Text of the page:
Wassup Rockers

Larry Clark is back for his fifth theatrical film, and he’s just as creepy and borderline pedophilic as ever!

Clark burst onto the scene in 1995 with “Kids,” a disturbing, occasionally exploitative examination of teenage amorality. “Bully” (2001) focused on kids’ violent streaks, and “Ken Park” — made just after “Bully” but never actually released in the U.S. — was more docudrama-style sex and violence starring non-actor teenagers.

“Wassup Rockers” continues to be a Larry Clark Film in every way, this time dealing with a group of seven South Central L.A. boys, ages 13-16, all Hispanic and in the throes of puberty: a little acne, some ill-proportioned features, and those greasy half-mustaches adolescent boys get that make them look, as Billy Crystal once put it, like half the women in New Jersey.

The boys spend their afternoons on skateboards, their shaggy haircuts and too-tight jeans helping them look the part. They want to be punk-rock stars, too, and have formed a crappy thrash band that rehearses wherever it can find space.

Jonathan (Jonathan Velasquez) is the lead singer and the film’s protagonist. It is mostly through his eyes that we see the 24 hours that the movie comprises. There are seven boys now, but there used to be eight, before Arturo was killed in a drive-by shooting. By the end of the film, the group has grown even smaller.

The film begins without much plot, even letting Jonathan give a documentary-style interview about his friends. Gradually a plot develops, though, with the group taking a bus to Beverly Hills to ride their skateboards in a nice park. After being harassed by a racist cop, the boys endure a Dickens-style nightmare as they struggle to find their way back home, wandering through a backyard party hosted by a predatory gay photographer and meeting up with a couple of rich white high school girls who find Jonathan and Kiko (Francisco Pedrasa) attractive.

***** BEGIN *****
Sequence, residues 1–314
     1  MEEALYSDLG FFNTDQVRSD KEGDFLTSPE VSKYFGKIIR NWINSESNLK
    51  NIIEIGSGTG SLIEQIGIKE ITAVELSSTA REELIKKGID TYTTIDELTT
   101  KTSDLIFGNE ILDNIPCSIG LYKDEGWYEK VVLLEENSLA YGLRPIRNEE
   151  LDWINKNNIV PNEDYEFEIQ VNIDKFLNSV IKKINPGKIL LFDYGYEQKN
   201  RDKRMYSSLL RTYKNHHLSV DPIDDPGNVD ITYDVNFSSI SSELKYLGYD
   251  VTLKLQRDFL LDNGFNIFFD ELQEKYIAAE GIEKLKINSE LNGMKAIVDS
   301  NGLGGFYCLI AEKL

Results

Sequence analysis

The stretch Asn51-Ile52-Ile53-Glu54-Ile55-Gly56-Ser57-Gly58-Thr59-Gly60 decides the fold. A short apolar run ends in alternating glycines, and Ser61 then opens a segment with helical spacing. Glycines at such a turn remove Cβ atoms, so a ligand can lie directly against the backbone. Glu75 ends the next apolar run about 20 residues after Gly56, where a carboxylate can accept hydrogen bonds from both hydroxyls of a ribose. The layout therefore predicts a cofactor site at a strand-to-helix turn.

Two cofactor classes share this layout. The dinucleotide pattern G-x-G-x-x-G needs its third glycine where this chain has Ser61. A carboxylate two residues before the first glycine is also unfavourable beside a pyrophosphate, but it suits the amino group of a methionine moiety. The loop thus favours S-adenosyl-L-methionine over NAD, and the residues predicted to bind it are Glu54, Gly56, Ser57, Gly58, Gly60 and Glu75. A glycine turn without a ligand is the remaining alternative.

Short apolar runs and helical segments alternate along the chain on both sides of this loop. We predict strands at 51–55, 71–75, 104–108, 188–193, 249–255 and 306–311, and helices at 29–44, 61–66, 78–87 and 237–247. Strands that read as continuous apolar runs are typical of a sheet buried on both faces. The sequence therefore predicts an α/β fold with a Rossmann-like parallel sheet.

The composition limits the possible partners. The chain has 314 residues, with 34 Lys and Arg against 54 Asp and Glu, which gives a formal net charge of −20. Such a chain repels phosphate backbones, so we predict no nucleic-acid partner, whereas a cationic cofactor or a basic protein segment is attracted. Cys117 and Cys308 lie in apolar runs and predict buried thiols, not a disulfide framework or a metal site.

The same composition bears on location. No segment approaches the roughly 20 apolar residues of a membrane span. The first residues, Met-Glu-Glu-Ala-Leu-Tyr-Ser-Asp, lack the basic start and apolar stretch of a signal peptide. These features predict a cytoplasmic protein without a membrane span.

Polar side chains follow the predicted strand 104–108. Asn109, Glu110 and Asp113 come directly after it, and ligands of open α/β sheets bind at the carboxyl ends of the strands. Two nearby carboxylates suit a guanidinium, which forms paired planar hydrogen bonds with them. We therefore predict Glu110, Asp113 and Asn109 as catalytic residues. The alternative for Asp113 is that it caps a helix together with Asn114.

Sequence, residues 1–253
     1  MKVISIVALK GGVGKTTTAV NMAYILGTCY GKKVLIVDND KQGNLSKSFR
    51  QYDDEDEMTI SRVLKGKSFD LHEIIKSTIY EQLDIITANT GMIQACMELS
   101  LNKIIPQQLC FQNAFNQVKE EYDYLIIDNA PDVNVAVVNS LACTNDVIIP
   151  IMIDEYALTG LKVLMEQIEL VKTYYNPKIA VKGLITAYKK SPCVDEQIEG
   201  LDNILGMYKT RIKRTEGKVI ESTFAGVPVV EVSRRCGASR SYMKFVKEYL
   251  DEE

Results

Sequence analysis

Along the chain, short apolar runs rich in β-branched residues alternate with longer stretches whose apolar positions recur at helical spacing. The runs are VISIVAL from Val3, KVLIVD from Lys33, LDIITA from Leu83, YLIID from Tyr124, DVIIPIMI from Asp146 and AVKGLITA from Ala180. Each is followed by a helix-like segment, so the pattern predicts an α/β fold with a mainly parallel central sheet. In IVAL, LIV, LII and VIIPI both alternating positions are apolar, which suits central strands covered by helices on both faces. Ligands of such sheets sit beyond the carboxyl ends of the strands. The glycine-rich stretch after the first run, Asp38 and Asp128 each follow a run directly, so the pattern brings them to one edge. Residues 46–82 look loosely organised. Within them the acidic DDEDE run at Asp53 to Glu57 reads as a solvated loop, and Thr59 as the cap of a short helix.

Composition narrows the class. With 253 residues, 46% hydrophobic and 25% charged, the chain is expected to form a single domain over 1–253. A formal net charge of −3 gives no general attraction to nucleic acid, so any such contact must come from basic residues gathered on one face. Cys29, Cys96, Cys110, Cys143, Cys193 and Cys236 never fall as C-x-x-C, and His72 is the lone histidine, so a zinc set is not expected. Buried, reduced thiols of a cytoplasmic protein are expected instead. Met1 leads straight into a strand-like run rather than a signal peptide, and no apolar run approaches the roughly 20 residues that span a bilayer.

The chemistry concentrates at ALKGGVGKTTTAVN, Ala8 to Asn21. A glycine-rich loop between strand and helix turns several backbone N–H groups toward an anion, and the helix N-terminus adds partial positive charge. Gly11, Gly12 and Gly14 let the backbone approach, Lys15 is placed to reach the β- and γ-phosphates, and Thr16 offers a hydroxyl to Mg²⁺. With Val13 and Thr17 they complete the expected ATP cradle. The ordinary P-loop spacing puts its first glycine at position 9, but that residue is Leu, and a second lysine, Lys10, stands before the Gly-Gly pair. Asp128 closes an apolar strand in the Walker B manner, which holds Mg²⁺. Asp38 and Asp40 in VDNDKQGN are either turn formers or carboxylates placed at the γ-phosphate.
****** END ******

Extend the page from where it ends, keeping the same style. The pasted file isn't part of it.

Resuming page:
Jonathan and his white girl, Jade (Laura Cellner), have off-screen sex — sex is always on the minds of these boys — while Kiko and Nikki (Jessica Steinbaum) talk. Their conversation is the film’s most affecting scene. It’s natural and honest, the sort of talk two real teenagers would have.

The rest of the movie often looks realistic (with handheld cameras and non-professional actors) but still seems artificial, with useless platitudes about racism and the class struggle mixed with the randy teenagers’ raucous everyday chatter. Clark films them skating a lot — A LOT — and mostly just lets them be themselves, which is good when the kids are natural-born actors and not so good when they clearly should keep their day jobs.

“Wassup Rockers” isn’t as blatantly exploitative than Clark’s previous films have been, with no on-screen sex and very little underage nudity. There’s still something vaguely unsettling about what he does, however, though he claims to have his young actors’ best interests in mind. As it happens, this film is neither controversial nor interesting enough to warrant much attention either way.

C+ (1 hr., 51 min.; R, lots of harsh profanity, brief sexuality, brief violence, brief partial nudity.)